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Matt, here’s what you should really do about the workforce crisis

Mr Hancock, I understand you’re looking for 6,000 extra GPs. Since it’s February – still a fresh start and all that – I’ll do you a favour and list some suggestions that could help you achieve your goal.

Please view the workforce crisis a bit like one of your beloved tech startups – a significant early investment is needed, but with time, it will reap dividends.

1. Properly reward partners for the risks and responsibilities they carry

A partnership bonus scheme, recognising the value partners bring to the profession, would encourage the next generation of GPs to take on this commitment when times look uncertain.

The NHS depends on primary care, with the partnership model central to its sustainability. 

Partners should be rewarded with a bonus tied to the number of clinical sessions they work.  Maybe £1,000 per session rewarded annually, with incremental increases to reward longer term service. 

A £10,000 bonus wouldn’t be blinked at in other sectors. If being a locum remains as financially rewarding as being a partner, GPs will continue to leave the permanent workforce. 

2. Reward GPs who work the most clinical sessions

The Government needs to sort out the pensions taper debacle as a matter of urgency. 

However, alongside this, a ‘full time GP’ bonus scheme would be beneficial. 

Partners or salaried doctors who could show that they’ve reached a threshold of clinical commitments (perhaps eight regular clinical sessions per week over the previous year) could apply – similar to the clinical excellence awards offered to hospital consultants. 

We need to reward hard work in general practice, and better incentivise full-time work.  The tax system, pension, and loss of childcare benefits for incomes above £100,000 are all discouraging GPs from working full-time.  

3. Incentivise clinical work over managerial or educational roles

In an era where GPs in clinical practice are increasingly scarce, it’s perverse to offer managerial or educational roles which are paid at a ‘GP rate’. 

When the day job is so stressful, and alternative roles are similarly paid, are we surprised when there’s a rush for this type of work? 

Rates paid by the CCG, Health Education England, and other publicly funded bodies need to be markedly less than frontline clinical work –  I’d propose pay being capped at a maximum of 70% of the average GP sessional rate. 

These are experienced doctors who have much to offer. Why are we failing to offer them the roles that keep them in practice?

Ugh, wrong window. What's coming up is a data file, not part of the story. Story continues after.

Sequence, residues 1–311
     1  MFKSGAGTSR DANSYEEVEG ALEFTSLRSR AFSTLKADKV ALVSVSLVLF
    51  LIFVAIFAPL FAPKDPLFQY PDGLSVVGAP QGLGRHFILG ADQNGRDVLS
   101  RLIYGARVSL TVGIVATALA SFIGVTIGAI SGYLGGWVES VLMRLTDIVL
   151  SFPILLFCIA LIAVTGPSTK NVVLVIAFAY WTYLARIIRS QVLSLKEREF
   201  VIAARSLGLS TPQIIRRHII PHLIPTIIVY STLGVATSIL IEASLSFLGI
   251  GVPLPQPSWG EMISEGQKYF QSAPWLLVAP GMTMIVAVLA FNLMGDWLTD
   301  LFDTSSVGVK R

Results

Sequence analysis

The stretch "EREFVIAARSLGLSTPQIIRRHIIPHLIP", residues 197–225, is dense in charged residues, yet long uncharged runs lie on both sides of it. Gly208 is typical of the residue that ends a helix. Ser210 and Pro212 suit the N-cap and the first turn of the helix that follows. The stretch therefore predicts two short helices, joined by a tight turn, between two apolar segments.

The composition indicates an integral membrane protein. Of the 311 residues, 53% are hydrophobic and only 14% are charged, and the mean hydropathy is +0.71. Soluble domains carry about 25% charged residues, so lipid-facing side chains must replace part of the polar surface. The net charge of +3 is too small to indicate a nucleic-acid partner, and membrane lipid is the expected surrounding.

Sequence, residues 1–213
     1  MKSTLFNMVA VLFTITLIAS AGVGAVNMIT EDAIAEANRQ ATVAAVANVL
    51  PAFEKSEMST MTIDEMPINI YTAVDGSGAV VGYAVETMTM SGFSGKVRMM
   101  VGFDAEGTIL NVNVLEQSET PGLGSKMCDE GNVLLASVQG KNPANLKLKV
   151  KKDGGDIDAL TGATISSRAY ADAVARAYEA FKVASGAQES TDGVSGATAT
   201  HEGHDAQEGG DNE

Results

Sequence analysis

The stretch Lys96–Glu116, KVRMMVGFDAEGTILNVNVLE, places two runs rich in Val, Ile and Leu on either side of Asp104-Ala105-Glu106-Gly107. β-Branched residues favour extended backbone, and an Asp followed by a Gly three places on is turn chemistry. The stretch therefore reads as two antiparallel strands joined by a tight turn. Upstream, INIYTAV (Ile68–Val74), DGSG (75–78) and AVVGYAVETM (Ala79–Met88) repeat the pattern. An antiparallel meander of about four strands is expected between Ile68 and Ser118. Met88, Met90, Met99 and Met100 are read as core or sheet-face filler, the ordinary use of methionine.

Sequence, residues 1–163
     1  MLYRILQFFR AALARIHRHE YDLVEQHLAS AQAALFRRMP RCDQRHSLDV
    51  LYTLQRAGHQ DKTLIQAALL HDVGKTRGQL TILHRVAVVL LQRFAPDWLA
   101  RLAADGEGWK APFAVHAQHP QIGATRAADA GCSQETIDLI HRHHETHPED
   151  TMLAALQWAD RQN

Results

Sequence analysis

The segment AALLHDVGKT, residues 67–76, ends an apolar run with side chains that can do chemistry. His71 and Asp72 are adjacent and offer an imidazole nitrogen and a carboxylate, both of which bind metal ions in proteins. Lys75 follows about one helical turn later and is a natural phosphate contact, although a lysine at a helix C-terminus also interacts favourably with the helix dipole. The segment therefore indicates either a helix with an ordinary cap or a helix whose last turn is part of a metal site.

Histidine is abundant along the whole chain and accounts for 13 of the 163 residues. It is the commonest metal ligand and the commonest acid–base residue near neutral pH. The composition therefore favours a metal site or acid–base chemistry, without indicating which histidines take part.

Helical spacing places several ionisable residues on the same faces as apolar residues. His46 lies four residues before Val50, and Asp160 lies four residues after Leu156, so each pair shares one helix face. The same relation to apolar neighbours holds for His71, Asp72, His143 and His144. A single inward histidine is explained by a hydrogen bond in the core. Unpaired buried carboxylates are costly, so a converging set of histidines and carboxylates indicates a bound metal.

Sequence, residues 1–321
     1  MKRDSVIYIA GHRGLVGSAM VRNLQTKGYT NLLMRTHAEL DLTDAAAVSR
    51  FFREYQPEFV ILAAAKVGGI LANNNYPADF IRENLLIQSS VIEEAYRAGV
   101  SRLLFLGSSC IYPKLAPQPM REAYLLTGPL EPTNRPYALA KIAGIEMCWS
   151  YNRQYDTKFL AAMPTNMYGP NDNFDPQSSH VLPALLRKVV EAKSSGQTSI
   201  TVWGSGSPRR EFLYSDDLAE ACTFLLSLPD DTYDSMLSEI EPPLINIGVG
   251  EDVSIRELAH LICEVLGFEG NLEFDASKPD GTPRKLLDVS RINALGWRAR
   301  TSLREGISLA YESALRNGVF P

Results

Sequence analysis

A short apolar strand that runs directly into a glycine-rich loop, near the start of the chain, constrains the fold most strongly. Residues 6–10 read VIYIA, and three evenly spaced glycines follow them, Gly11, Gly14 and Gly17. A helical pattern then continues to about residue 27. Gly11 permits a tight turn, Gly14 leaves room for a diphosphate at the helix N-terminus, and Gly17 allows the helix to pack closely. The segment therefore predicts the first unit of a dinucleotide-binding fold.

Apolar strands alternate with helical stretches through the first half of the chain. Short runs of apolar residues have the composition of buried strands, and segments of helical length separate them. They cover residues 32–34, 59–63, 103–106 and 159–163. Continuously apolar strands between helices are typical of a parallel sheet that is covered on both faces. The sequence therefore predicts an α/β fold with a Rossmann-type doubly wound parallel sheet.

4. Make better use of the workforce 

Rather than incentivising extra work that take GPs out of their surgeries, NHS England could incentivise extra sessions during the routine working day. 

Why not fund an equivalent of extended hours appointments that could be undertaken between 8am and 6pm?

These extra sessions could be protected against other demands (phone calls, visits, extra admin) and funded, at least in part, by NHSE. 

Call it ‘year round, relentless pressures’ sessions…They could be only on offer if taken on as an extra, but would be appealing to GPs if they were flexible, with a fixed and manageable workload.

5. Support practices to offer ‘flexible partner’ opportunities

Younger women in particular need to be encouraged to take up partnerships. 

It may be the case that women could negotiate more flexible roles as partners, but the truth is that not enough do. 

The perception (true or not) is that you can only work as a partner if you can commit to an 8am-7pm day. 

NHSE could financially support practices to offer a flexible partner role (perhaps during the first decade of raising a family). 

Drawings would be appropriately adjusted to reflect the hours undertaken.  By better supporting all sectors to take on partnerships, NHSE would help secure general practice for the future, and hopefully keeping women in the profession through the challenging years of child-rearing.

6. Create advisory roles for senior GPs

At any age, being a GP is demanding. But at the end of a career, workload is driving GPs towards early retirement.

These are experienced doctors who have much to offer. Why are we failing to offer them the roles that keep them in practice? 

A starting place could be a ‘buddy system’ with a flexible partner, where a GP looking to wind down might come in to do admin work first thing, then work a partly supervisory clinical session from, say, 3.30-6.30pm. 

We need to look at the people we have and design roles that they want to fulfil.  And support practices financially to sustain this.

 So there you have it, Matt. Some suggestions for bolstering the GP workforce. These ideas certainly aren’t rocket science – you could implement them all. 

Abandon Skype consultations, DNA profiling, and your apps – we must get the basics right and keep GPs seeing patients in their surgeries. 

Getting junior doctors to enter training is the least of your worries. Only by improving the utilisation of existing doctors, and their working conditions, will you retain the newly qualified GPs that come through. 

You urgently need to invest in general practice if you want the NHS to be standing at the end of your term.  And unless you take drastic measures, you will face a humiliating failure on your extra GPs pledge.

Dr Katie Musgrave is a GP trainee in Plymouth and quality improvement fellow for the South West